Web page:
Looking for unique Galapagos wildlife experiences? From walking with tortoises to swimming with hammerheads, these are the 5 must-do experiences in the world famous natural wonderland
Ask any traveller what they loved most about their visit to the Galapagos Islands and chances are that they’ll say "snorkelling off Kicker Rock". This jagged slab of tuff cone, rising 500 foot from the sea just off San Cristóbal Island, is a deep sea snorkelling mecca, where what seems like every underwater creature in the archipelago gathers to feed off the rich nutrients that flourish here.
The moment you bob your head underwater you’ll be greeted by an incredible array of colourful tropical fish, rays of all descriptions and sea turtles riding the currents that swirl around the rocks. The area is also a playground for excitable sea lion pups who will be keen for you to join them in their underwater antics.
A highlight of any snorkelling trip to Kicker Rock is the sight of hammerhead sharks circling in the depths below you. They congregate here in large numbers and the sight of their distinctive silhouettes circling below will stay with you forever.
Fernandina is the ‘youngest’ island in the Galapagos and the most volcanically active. While there is little vegetation, it is one of the few islands without any invasive species, so the native wildlife has thrived. It is home to a huge colony of marine iguanas.
Fernandina is also where the famous ‘Marine Iguana vs Racer Snakes’ sequence from BBC’s Planet Earth II was shot. The footage of the plucky baby iguana dodging hordes of hungry snakes went viral around the world and shifted the island up people’s wildlife Bucket List.
Understandably, visitors are kept well away from the bubbling caldera at the centre of the island. However, the island’s constant volcanic activity means it is one of the few places in the world where you can witness molten lava flowing into the sea.
The El Chato Tortoise Reserve in the highlands of Santa Cruz Island is one of the few places in the Galapagos where you can encounter the islands’ most famous residents in their natural habitat. Here, amongst hundreds of acres of endemic high pasture and Scalesia forests, you’ll find the gentle giants lumbering from the highlands to the coast and back again. This is what you go to the Galapagos to see.
The reserve comprises two areas, Cerro Chato and La Caseta, and is part of Galápagos National Park. It is a short walk from the small village of Santa Rosa and surrounded by a barrier to keep out invasive species that threaten the tortoises.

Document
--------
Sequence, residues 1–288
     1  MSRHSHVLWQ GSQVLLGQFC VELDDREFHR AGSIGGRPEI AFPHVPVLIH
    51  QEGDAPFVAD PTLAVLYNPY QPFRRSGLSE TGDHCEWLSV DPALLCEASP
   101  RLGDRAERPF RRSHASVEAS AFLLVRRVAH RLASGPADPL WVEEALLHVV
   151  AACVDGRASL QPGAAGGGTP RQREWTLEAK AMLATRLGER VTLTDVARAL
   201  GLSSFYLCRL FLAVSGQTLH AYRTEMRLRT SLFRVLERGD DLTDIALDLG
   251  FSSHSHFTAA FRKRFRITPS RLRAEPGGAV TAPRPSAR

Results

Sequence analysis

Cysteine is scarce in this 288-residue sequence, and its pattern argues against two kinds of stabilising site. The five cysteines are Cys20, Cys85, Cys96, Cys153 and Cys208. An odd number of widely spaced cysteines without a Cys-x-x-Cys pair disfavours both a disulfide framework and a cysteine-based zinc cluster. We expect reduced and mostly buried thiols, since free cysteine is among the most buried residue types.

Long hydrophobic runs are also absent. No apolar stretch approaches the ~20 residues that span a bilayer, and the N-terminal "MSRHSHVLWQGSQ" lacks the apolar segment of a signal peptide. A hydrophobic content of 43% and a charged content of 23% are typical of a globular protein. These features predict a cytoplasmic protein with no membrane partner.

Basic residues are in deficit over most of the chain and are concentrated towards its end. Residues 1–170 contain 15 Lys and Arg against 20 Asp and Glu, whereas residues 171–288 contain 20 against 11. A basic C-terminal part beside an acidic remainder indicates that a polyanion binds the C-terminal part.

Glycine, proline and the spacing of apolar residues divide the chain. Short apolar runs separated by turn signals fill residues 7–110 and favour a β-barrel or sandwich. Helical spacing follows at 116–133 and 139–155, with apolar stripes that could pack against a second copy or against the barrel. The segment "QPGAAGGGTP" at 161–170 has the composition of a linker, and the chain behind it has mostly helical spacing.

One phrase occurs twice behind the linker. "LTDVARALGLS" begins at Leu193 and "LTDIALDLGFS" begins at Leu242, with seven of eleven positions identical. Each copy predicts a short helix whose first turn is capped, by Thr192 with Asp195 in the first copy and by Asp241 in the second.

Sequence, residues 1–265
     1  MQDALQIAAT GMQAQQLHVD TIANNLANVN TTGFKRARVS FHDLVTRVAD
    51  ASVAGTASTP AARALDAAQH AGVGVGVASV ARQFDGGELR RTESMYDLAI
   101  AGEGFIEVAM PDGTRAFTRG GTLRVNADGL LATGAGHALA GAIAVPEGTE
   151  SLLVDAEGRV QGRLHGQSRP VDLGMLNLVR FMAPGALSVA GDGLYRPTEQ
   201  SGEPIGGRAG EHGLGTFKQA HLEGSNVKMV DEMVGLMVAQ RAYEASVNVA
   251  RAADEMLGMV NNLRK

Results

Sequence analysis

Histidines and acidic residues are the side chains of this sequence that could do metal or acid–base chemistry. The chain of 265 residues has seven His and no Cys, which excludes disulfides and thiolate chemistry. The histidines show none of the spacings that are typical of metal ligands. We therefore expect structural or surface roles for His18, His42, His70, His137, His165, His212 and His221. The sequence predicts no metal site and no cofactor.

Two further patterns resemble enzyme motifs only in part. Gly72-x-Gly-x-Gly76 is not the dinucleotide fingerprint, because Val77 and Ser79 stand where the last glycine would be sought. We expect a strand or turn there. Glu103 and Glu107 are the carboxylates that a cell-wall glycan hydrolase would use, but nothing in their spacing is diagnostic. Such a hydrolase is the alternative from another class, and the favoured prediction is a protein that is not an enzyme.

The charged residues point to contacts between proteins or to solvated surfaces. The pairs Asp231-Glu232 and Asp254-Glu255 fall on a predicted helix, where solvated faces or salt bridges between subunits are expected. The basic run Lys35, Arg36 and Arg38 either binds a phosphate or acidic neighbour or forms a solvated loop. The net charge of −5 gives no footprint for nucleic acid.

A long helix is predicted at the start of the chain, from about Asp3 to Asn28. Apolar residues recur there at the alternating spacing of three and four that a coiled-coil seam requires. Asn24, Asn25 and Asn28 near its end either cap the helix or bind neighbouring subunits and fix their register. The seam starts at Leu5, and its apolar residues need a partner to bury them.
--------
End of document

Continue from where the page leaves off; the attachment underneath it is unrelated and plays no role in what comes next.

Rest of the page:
The area is also home to Darwin finches and vermillion flycatchers, as well as being one of best places on the islands to catch sight of the rare short-eared owl, endemic to the Galapagos Archipelago.
Looking like something straight out of a Science Fiction movie and often covered in an eerie mist, the barren, grey slopes of Sierra Negra are peppered with glowing fumaroles and topped by a crater that is the second largest in the world. At 4,550 feet high, it towers over the island. When the fog clears, the views from the top are spectacular.
An 8km trail leads around the east side of the volcano where it is possible to walk all the way around the caldera. The hike is not easy. You’ll need sturdy hiking boots and plenty of water, and you cannot do it without a guide.
An easier option is to conquer the mountain by horseback, from the tiny village of Santo Tomás on the southeast side of the island.
Isla Bartolomé, a tiny island just off Sullivan Bay on Isla Santiago, is the best place in the archipelago to see Galapagos penguins. It's home to one of the largest colonies in the Galapagos. The rocks either side of the island’s small sandy beach are their favourite place to hangout.
The best way to photograph the penguins is to take a boat ride to Pinnacle Rock on the right of the cove. For a truly unforgettable experience, however, you’ll want to don your snorkelling gear and swim amongst them. It is the best way to truly appreciate their speed and agility as they dart around you, as well as observing the bright tropical fish and sea turtles that swim in these waters.
This article was sponsored by The Big Journey Company (thebigjourneycompany.com), but it is impartial and independent, just like all Wanderlust editorial.
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